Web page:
Poets notice things the rest of us miss, and they find words to bring what they notice to our attention, to overcome our blindness. Perhaps that’s one reason some of us like reading poetry: it reminds us of fundamental truths we would otherwise miss, and helps us adjust our lives accordingly. In this sense, these lines from Andrew Marvell’s poem “To His Coy Mistress” operate a bit like time-lapse photography. If you had a series of photographs taken at appropriate intervals—of that favorite shirt, for example, or of the people you love—you could visually track an unbroken process that moves from new, to not so new, to old, wrinkled, and worn. Buddhist meditation is designed to accomplish a very similar task. In fact, you can try this very simple exercise, right now:
First, close your eyes and focus your attention on the sensation of breathing. Then, once the attention is more or less settled in, notice how the movement of the breath is no single thing but rather a complex flow of continually changing sensations. Cool air moving in, warm air moving out, a slight tickling at the rim of the nostrils, muscles in the abdomen stretching and contracting as the diaphragm rises and falls. Now direct your attention to the itches, tinglings, and throbbings, the pulsing of the heart, and all the rest of the tiny, constantly fluctuating sensations that together make up the first-person experience of what we call “the body.” Finally, turn your awareness to the arising and passing of thoughts. Notice how, at this very subtle level of experience, ethereal mental objects flit in and out of awareness like fireflies or spirits, appearing and disappearing so quickly and quietly that they can barely be said to exist.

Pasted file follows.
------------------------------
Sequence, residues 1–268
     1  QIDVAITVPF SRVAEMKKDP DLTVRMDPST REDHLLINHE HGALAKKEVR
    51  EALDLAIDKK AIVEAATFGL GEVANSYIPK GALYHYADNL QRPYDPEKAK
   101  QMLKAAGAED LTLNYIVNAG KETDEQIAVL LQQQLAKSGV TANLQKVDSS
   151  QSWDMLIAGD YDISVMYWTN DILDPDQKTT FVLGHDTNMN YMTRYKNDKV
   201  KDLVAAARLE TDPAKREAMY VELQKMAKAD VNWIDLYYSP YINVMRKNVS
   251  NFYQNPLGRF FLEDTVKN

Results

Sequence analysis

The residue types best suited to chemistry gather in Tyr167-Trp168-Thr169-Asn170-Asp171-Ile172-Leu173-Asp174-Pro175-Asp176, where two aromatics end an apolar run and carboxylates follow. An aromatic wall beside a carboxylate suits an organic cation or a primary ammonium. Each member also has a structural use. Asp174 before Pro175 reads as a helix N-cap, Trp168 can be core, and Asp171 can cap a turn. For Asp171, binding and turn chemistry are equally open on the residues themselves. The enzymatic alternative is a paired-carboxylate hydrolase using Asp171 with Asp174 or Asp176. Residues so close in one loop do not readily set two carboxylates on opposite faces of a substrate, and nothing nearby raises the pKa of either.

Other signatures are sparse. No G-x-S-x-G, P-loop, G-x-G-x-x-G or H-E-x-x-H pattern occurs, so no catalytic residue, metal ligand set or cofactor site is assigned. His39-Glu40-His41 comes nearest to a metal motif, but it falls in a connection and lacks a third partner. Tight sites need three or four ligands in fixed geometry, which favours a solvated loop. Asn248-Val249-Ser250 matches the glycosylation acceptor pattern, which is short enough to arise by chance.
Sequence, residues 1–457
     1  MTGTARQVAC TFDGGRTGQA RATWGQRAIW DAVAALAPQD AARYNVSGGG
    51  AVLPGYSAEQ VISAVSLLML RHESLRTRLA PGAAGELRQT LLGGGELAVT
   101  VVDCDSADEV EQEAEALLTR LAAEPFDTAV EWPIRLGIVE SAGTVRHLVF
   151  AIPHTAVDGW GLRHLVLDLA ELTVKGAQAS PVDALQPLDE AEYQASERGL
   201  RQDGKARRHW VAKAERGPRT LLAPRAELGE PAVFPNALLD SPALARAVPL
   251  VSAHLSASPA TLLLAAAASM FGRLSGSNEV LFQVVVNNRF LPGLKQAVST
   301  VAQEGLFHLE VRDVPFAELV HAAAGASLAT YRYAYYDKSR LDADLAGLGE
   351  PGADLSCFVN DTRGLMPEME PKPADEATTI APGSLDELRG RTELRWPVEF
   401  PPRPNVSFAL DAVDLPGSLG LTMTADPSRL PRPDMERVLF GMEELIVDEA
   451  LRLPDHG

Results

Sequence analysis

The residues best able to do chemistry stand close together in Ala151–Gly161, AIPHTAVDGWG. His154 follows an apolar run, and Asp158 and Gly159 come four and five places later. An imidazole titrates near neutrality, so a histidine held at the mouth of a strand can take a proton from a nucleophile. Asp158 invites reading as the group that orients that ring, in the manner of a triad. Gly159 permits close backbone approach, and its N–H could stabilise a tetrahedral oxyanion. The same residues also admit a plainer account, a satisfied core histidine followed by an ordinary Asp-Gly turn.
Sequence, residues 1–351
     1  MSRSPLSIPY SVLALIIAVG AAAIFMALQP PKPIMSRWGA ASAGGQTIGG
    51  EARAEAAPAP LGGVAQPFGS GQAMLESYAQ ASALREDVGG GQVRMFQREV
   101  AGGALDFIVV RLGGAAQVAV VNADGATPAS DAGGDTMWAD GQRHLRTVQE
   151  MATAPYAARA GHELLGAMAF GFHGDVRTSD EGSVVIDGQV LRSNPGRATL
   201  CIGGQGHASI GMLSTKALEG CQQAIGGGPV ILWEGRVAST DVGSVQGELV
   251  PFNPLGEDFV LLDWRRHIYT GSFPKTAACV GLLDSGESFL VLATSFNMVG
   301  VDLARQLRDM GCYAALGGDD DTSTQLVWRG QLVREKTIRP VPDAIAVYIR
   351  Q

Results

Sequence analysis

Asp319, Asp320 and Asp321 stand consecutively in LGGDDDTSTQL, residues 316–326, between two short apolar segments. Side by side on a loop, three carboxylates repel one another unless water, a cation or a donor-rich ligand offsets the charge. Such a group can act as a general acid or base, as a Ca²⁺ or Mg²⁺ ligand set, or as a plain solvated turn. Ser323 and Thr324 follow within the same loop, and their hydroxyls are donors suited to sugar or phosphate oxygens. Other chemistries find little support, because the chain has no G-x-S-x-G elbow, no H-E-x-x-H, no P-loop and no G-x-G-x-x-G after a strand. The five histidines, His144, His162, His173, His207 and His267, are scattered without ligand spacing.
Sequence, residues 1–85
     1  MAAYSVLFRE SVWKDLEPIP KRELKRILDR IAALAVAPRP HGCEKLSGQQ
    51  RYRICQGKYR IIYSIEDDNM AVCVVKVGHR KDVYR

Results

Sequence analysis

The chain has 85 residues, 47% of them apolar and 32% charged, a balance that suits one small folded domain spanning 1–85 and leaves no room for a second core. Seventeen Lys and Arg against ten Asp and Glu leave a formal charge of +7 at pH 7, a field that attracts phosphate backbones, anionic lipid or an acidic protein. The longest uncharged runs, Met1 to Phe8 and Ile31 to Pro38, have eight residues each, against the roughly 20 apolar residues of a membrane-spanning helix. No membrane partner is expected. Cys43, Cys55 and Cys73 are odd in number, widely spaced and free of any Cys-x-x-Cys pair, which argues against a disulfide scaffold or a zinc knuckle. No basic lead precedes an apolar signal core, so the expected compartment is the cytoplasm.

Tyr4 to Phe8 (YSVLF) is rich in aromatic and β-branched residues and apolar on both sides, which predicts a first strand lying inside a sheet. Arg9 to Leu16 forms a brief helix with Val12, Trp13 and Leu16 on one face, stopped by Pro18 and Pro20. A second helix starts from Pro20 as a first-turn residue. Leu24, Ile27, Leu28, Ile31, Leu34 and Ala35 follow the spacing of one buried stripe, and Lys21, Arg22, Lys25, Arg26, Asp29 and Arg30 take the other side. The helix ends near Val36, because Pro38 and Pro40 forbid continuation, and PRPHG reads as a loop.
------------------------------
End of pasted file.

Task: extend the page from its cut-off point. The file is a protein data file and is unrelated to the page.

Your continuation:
Impermanence means that the appearance of stability we take for granted in everyday life, for practical purposes, is ultimately an illusion, the construction of a mind infused with desire and fear. Behind the facade of language and conceptual thinking there are no stable, well-defined “things” or “people,” only a ceaseless, ungraspable stream of events, like the flow of a river or like waves undulating on the surface of the ocean.
One way to begin to understand the second mark, no-self, is to view it as a particularly intimate encounter with impermanence. To see the lack of self is to notice that there is no stable, unified core to experience. Like all those other people and things out there in the world, I, too, am nothing but a mental construct, a phantom’s mask covering the reality of change.
I grow old. It’s happening all the time, right in front of my eyes, but I don’t notice it because the changes are so gradual. From time to time, though, I’m jolted out of complacency by comparing the face in the mirror to old photographs, or to a memory of an earlier self. But the biggest change of all is the one that I can neither remember nor imagine. No photograph, no image in the mirror, nothing in memory or imagination suffices to conjure up the experience of my own death. It is inconceivable that this “I”—this peculiarly intimate experience of myself as an individual passing through time—could at any moment be snagged on the rough edge of time and ripped apart like the fabric of an old, treasured shirt. Torn beyond repair.